Abbreviations are important in online communication. Some that help young people hide what they are doing from parents are: CD9-Code 9, means parents are around; KPC-Keeping Parents Clueless; MOS-Mom Over Shoulder; P911-Parent Alert; PAW-Parents are watching; PIR-Parent in Room. You can find these and more at

A basic value of mediation is respect for people with whom we disagree. It is essential to respect people of all ages, cultures, creeds, and colors, and to model respect in our behavior and speech. Children, parents, teachers, and all other people deserve respect.

Mediation Services of Adams County (MSAC) has trained mediators available to help people work through strained family relationships, disputes with neighbors, contractors, landlords, and other conflicts for an economical fee based on income. If you would like more information about mediation, please contact Mediation Services of Adams County, 717-334-7312, on line, or the website, http: //

Mary Kay Turner is a teacher, who is a trainer, mediator, and board member of MSAC.


by Dennis R. McGough, Ph.D.

Have you ever left work at the end of a challenging day, got behind the wheel of your car and then after a time, found yourself in your driveway? You can’t remember the specifics of the drive home, but sure enough, you arrived safely. You might wonder, “How did I get here?” Experiences of this nature, while perhaps a little unnerving, demonstrate the power that habits can have in our lives. The drive home from work is repeated over and over again, to the point that we occasionally make the trip on “autopilot”.

In his excellent book, THE POWER OF HABIT, New York Times business writer Charles Duhigg explains that habits are formed through a psychological process called a habit loop. The habit loop has three parts, the cue or trigger, the habitual action, and the reward, something that our brain uses to help us remember the habit loop in the future. Once we have formed a habit, our brain uses the habit loop to determine what we will do in a particular situation.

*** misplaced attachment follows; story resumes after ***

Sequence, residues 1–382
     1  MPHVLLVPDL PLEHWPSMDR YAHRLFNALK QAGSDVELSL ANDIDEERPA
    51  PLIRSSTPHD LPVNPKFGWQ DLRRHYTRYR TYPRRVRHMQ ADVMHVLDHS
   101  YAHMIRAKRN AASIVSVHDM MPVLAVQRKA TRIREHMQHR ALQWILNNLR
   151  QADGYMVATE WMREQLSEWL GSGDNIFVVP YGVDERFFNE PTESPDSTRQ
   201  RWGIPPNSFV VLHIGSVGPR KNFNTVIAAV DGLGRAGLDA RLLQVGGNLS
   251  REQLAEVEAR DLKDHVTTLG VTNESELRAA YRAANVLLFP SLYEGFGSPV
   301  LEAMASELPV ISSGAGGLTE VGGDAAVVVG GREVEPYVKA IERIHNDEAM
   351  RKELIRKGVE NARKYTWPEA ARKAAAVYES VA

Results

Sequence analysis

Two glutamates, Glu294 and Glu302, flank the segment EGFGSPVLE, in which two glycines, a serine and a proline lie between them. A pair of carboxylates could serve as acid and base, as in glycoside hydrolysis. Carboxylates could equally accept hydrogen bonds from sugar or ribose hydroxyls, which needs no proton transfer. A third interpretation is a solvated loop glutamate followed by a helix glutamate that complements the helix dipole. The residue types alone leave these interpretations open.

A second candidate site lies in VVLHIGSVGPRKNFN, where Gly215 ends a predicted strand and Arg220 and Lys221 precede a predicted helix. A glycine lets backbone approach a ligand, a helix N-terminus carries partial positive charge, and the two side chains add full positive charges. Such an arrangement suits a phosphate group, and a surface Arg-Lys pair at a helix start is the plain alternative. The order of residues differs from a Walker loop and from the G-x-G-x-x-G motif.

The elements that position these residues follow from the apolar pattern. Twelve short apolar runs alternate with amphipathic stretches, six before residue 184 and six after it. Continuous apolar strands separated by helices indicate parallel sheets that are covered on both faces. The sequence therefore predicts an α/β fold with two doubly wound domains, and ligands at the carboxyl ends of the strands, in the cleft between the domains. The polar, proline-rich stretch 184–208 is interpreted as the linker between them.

Habits can be very useful. As detailed in the classic book, SEVEN HABITS OF HIGHLY EFFECTIVE PEOPLE, Dr. Stephen R. Covey, explains that habits allow us to deal with routine situations without having to think them through each time we face them. Habits can be good or bad. Most of us don’t have to think too long to come up with a few bad habits we would like to change.

Albert Einstein said that insanity is doing the same thing over and over again and expecting different results. While insanity might be a rather harsh descriptor, it’s clear that in order to change a result of an interaction, we must find a different way to deal with the challenge.

Everyone faces conflicts in his or her life. Some are minor and quickly get resolved, like who will pick up the kids after basketball practice. Others, however, are more significant, and may remain unresolved because we use the same habitual approach to deal with the challenge. As Einstein pointed out, we can’t expect a different outcome unless we find a new way to deal with the problem.

Mediation can be a fresh, new way to deal with a conflict. People come together in a neutral environment and work face-to-face with a trained mediator to develop a mutually acceptable resolution to their differences. Mediation Services of Adams County, a non-profit organization, is dedicated to helping people resolve their disputes. MSCA provides trained mediators, whose goal is to help individuals develop acceptable solutions to conflict situations. To explore how mediation could help you, contact MSAC at 717-334-7312, online, or see our website at